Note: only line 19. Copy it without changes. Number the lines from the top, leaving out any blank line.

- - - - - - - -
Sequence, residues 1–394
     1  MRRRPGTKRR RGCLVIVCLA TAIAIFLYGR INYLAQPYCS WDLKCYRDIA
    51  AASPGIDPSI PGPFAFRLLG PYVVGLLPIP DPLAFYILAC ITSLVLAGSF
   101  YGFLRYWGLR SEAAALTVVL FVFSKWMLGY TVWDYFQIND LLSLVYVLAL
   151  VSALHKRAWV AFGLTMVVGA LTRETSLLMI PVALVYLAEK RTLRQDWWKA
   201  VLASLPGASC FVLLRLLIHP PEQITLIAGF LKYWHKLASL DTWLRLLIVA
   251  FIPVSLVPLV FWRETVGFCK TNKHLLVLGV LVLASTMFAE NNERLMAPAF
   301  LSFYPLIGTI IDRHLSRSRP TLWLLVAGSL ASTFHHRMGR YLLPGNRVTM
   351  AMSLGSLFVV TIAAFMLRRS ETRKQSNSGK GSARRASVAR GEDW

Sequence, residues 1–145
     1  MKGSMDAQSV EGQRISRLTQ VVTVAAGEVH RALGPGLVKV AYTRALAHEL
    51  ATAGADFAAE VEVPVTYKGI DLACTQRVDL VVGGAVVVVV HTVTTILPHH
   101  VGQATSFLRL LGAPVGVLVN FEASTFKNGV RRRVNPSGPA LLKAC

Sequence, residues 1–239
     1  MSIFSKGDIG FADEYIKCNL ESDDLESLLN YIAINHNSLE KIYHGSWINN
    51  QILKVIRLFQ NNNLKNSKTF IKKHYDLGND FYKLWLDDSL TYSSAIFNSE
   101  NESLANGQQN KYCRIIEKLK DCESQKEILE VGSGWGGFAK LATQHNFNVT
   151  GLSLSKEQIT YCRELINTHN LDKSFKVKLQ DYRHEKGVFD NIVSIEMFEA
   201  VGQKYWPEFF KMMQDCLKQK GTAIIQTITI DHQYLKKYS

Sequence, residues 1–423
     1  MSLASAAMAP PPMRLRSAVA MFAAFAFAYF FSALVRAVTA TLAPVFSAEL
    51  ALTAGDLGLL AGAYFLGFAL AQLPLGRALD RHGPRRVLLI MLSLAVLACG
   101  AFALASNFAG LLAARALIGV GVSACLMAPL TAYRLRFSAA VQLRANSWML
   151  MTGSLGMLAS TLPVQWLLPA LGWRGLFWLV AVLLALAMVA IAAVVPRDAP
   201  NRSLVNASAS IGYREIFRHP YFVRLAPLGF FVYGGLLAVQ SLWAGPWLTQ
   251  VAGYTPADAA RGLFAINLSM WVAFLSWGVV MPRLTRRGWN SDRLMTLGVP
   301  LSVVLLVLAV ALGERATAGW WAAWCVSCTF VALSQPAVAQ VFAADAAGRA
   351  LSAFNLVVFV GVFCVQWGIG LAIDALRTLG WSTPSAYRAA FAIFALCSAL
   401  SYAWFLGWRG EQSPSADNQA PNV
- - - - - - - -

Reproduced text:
   201  VGQKYWPEFF KMMQDCLKQK GTAIIQTITI DHQYLKKYS